The state is not seeking to prevent the evacuation of the outpost of Migron, even though it wants to further investigate claims of some outpost residents that they purchased land there legally, the state made clear in a submission Monday to the High Court of Justice.

According to its response to a petition by settlers to prevent the evacuation, the state believes that even were the residents’ claims to be validated, planning and building violations would still require the outpost’s full demolition, Israel Radio reported.

The state plans on continuing the investigation of ownership of some of the land on which Migron is situated, the submission said.

The state’s position on Migron comes despite a ministerial committee’s decision in July to support petitioning the High Court of Justice to delay the evacuation of some of the homes.

Yuli Edelstein, Diaspora affairs minister, complained to Israel Radio on Monday that the state legal institutions seemed to be paying no heed to the ministerial committee on this matter.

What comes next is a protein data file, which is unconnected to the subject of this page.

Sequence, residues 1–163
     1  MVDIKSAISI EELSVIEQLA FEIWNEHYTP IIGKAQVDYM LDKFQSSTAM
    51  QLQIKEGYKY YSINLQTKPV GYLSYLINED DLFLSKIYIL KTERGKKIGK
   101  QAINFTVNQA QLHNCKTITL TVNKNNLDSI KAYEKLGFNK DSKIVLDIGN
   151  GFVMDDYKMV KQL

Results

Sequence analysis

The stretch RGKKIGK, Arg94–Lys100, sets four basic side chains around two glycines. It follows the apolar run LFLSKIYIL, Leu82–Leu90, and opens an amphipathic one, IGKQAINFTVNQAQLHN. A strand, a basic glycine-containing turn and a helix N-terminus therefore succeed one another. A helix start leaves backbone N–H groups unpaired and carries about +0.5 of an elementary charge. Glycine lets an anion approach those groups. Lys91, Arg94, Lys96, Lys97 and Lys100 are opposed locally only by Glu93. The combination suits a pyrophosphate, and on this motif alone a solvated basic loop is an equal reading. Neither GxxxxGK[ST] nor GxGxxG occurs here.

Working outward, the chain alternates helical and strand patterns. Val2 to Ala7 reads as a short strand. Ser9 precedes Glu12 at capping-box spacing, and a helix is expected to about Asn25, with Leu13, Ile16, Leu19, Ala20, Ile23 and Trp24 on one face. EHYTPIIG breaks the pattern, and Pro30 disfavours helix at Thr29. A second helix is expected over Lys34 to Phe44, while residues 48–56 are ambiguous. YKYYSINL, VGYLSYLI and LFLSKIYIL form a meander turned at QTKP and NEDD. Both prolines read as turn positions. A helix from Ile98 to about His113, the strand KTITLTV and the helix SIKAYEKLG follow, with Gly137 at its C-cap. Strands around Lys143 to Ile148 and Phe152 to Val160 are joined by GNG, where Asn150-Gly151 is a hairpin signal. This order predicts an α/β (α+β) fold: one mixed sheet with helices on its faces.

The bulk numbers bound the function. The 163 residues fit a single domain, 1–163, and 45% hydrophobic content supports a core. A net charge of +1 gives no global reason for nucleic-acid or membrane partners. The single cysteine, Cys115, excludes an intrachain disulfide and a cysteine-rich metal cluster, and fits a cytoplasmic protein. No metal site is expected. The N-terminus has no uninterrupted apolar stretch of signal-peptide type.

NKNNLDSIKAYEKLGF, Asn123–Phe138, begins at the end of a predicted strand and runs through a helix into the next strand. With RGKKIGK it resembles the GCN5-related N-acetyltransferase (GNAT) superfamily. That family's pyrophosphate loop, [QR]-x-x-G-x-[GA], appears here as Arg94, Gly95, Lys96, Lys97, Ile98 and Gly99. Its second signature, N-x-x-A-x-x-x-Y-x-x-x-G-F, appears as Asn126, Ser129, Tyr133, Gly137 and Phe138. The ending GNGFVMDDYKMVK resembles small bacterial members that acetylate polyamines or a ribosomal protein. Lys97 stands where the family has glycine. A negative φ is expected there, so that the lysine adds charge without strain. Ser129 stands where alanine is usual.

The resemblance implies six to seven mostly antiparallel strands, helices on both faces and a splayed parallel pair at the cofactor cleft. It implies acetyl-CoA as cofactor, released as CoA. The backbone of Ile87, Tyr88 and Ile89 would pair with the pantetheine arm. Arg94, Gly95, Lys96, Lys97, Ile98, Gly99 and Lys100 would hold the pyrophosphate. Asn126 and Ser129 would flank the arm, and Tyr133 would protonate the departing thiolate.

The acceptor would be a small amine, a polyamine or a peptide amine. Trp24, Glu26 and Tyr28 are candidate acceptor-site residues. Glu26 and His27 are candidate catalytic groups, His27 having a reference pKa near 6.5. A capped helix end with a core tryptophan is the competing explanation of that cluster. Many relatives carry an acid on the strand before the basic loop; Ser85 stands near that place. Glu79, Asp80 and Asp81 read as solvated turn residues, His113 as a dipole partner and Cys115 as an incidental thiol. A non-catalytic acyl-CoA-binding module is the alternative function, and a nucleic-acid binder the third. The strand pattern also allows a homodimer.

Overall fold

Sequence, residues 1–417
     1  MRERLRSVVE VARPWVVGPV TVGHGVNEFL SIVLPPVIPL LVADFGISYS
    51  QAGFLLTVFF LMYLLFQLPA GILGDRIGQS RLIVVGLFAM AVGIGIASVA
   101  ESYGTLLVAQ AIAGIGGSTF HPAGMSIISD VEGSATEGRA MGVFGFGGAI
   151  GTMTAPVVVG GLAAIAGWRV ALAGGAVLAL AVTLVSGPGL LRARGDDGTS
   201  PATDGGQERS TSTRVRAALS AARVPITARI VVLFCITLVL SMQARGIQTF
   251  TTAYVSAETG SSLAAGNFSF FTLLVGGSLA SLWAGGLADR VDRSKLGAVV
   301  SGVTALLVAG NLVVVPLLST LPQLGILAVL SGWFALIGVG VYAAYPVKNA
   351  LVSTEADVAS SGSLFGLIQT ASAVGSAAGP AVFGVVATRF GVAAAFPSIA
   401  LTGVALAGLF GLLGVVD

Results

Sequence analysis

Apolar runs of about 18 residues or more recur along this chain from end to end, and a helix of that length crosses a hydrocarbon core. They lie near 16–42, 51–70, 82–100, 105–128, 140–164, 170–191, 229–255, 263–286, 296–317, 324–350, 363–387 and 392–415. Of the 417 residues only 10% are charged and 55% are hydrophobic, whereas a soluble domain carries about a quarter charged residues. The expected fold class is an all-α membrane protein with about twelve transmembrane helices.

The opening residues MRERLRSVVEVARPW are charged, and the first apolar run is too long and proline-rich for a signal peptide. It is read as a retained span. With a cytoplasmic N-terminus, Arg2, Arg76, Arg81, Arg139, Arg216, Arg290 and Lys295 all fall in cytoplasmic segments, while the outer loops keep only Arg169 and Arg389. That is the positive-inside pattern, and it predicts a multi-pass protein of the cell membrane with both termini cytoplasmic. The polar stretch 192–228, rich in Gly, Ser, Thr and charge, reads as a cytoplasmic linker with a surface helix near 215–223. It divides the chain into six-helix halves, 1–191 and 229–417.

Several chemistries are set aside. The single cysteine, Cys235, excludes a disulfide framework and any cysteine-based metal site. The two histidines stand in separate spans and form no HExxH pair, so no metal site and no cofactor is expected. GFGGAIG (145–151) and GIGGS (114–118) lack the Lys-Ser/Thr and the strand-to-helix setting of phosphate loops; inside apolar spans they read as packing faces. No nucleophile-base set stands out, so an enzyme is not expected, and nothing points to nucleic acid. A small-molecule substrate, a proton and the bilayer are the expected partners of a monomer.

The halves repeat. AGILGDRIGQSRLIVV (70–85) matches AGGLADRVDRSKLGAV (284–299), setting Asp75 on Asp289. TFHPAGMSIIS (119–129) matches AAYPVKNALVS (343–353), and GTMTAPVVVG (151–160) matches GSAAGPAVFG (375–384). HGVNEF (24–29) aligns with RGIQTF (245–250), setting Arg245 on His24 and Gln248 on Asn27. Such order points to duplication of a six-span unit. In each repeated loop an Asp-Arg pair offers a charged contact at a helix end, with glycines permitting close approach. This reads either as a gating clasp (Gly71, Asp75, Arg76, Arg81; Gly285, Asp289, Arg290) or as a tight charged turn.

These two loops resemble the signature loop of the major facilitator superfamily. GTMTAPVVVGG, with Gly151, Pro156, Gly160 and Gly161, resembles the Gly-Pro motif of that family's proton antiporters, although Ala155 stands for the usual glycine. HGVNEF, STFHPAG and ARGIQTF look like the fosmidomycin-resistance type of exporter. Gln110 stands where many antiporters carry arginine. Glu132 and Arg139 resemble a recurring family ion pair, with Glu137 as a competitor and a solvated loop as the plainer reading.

Migron, the largest West Bank outpost, was acknowledged by the state to be built on private Palestinian land, and the court ordered its evacuation and demolition earlier this year. In July, residents of the outpost petitioned the court to delay the evacuation, arguing that they had purchased roughly half the land the outpost sits on from its Palestinian owner. The police launched an investigation into the deal following a complaint filed by the landowner.

The government petitioned the High Court of Justice last month to grant it a 30-day extension for the evacuation of the Migron outpost, saying the army could not carry out that mission during the Muslim holiday of Ramadan and that new housing had yet to be completed for the families set to be evicted.

The petition to the court recognized that an earlier request to delay the evacuation until November 2015 was rejected, but said that a shorter, one-month delay was reasonable. The court had ordered that the evacuation be carried out by August 1.